“Motivation” is usually defined as the forces which account for the arousal, selection, direction as well as continuation of behaviour. Nevertheless, many personal trainers in the fitness industry have at least two main misconceptions about motivation which prevent them from using this concept with maximum effectiveness.
- One misconception is that some clients are unmotivated. Strictly speaking, that is not an correct statement. As long as a client chooses goals and spends a certain amount of effort to achieve them, he is, by definition, motivated. What personal trainers really mean is that clients are not motivated to behave in the way trainer would like them to behave.
- The second misconception is that one individual can directly motivate another person. This view is inaccurate as motivation comes from within a person.
What you – as a personal trainer – can do, with the assistance of various motivational theories is to create the circumstances that influence clients to do what you want them to do.
Cognitive views of motivation
Cognitive views emphasise that human behaviour is inspired by the way people think about themselves and their environment. The direction that behaviour takes can be described by four influences:
- The innate need to construct an organised as well as logically consistent knowledge base,
- One’s expectations for completing a task successfully,
- The factors which one believes that account for success in addition to failure, and
- One’s beliefs regarding the nature of cognitive ability.
One of the biggest challenges exercise professionals face is the challenge of convincing individuals to start exercising and get them to make a lifelong commitment to a physically active lifestyle.
More than 50% of adults in South Africa do not get the recommended amount of physical activity they need. Of these individuals, 50% starting an exercise programme will drop out within the first year.
As an exercise specialist in the fitness industry it is important to help the client develop a positive attitude towards physical activity so that they make a firm commitment to the exercise programme. Clients are likely to appreciate and stick to their programmes if feedback is accurate and fair. These tips are advice the personal trainer can share with their client to keep them on the right track:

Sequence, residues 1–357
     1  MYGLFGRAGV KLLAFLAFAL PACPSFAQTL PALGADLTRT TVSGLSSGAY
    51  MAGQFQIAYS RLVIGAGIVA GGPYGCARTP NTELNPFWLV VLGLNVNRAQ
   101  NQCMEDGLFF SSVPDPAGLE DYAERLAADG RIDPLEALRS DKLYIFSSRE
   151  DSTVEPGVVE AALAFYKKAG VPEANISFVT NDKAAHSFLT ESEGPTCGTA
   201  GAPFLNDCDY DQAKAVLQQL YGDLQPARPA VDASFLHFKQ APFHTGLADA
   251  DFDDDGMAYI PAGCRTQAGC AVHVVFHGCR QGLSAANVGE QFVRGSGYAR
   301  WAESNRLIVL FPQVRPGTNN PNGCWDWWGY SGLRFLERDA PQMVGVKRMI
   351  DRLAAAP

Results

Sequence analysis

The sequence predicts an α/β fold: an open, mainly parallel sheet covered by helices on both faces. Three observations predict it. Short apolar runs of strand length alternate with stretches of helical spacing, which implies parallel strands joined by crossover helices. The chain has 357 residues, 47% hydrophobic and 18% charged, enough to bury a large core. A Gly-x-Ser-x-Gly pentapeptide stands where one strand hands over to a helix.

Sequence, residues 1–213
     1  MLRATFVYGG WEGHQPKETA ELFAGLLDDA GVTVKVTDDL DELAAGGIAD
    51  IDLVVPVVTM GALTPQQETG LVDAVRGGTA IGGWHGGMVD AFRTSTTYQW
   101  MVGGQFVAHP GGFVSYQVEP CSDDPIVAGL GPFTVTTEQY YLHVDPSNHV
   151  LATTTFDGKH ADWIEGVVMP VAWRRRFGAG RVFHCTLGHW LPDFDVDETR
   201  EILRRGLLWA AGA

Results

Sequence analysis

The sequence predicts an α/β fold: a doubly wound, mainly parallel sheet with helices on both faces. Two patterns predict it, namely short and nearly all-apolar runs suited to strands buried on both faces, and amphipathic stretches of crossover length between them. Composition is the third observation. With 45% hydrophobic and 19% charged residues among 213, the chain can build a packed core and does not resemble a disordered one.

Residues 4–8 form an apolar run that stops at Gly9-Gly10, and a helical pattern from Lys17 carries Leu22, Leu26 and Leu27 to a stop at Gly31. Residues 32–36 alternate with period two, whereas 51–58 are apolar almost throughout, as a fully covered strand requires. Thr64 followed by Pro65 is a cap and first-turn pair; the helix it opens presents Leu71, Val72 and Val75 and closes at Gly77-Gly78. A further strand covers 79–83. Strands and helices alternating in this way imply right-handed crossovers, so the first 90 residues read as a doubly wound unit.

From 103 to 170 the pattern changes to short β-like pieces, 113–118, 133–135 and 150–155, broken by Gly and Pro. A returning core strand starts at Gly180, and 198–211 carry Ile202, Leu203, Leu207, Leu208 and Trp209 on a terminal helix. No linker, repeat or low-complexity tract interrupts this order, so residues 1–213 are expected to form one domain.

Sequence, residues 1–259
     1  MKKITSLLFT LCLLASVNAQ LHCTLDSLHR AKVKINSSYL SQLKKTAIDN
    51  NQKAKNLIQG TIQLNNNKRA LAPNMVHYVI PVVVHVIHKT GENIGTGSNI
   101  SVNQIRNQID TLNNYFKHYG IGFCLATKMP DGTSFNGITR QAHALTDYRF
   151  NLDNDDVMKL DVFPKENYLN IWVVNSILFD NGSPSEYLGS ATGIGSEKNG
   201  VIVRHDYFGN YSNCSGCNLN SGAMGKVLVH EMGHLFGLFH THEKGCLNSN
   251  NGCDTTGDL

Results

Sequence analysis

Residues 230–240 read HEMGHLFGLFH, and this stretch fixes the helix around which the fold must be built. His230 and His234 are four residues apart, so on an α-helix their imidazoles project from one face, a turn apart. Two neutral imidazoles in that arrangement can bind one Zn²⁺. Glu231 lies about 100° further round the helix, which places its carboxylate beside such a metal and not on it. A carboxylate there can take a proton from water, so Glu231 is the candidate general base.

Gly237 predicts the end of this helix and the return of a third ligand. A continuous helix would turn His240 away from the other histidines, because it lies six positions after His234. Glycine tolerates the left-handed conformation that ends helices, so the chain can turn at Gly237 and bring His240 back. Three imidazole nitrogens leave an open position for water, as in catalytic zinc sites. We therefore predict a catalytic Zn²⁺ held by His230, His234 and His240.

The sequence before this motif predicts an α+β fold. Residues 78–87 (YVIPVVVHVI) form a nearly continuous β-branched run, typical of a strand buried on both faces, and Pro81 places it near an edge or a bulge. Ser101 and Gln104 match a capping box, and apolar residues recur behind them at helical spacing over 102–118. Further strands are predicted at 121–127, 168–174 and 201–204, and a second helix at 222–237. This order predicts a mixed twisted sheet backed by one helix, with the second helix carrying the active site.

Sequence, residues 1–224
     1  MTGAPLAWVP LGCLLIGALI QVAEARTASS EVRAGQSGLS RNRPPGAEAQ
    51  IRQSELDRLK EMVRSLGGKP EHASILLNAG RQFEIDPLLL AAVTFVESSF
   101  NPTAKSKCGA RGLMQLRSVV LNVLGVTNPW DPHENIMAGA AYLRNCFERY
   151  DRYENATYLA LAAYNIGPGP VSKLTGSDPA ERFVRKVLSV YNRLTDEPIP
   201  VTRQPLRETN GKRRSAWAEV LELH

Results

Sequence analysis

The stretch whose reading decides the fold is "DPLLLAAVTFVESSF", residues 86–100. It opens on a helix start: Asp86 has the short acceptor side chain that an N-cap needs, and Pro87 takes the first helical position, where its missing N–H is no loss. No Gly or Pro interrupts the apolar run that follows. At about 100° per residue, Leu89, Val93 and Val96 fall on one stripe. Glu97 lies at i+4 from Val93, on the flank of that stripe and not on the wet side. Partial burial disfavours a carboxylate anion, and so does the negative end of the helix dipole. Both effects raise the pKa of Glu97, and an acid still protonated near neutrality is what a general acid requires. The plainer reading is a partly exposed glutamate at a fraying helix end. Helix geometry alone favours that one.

Complete at least one action per day
Actions which are consistent will propel you in the direction of your goal. Even selecting a small task will make a reduction in your to-do list and may motivate you to do even more.
Set up a support system
Who or, alternatively, what can offer you with encouragement, advice, healthy feedback or a ready ear?
Don’t wait until you reach your goal, particularly if it’s a long-term one. Reward yourself as you get to certain milestones. Something as basic as scheduling time for yourself or possibly a special treat that you’ve felt guilty about indulging in can maintain the motivation to keep going
Discuss each client’s fitness goals individually
During the one-on-one motivational meeting at the beginning of the first training session identify fitness and exercise beliefs that your clients may have which could limit or hinder their ability to succeed in leading a more physically active life.
This helps you focus and individualise the fitness education and training that you provide each client in a way that will best help that specific client meet her short-and long-term fitness goals.
Sign a written contract with your personal training clients
A signed contract is a powerful motivational tool that provides accountability and gives your fitness clients measurable goals. Make sure the contract lists each client’s fitness goals and responsibilities, including items such as overall weight loss goals and number of weekly hours spent exercising.
Don’t forget to let your client see that you’re keeping yourself accountable by including a section that lists your responsibilities toward your client, as well. Goals must be recognised in order to be effective Ensure that your client knows what’s expected of him/her and that he/she willingly accepts the challenge posed. Enthusiastically participate in the goal-setting process.
Motivating your clients to succeed with respect to their fitness goals is a key aspect of the job of any personal trainer.
If you want to discover more about becoming a personal trainer, we strongly recommend that you do a personal training course. For more information, please follow this link.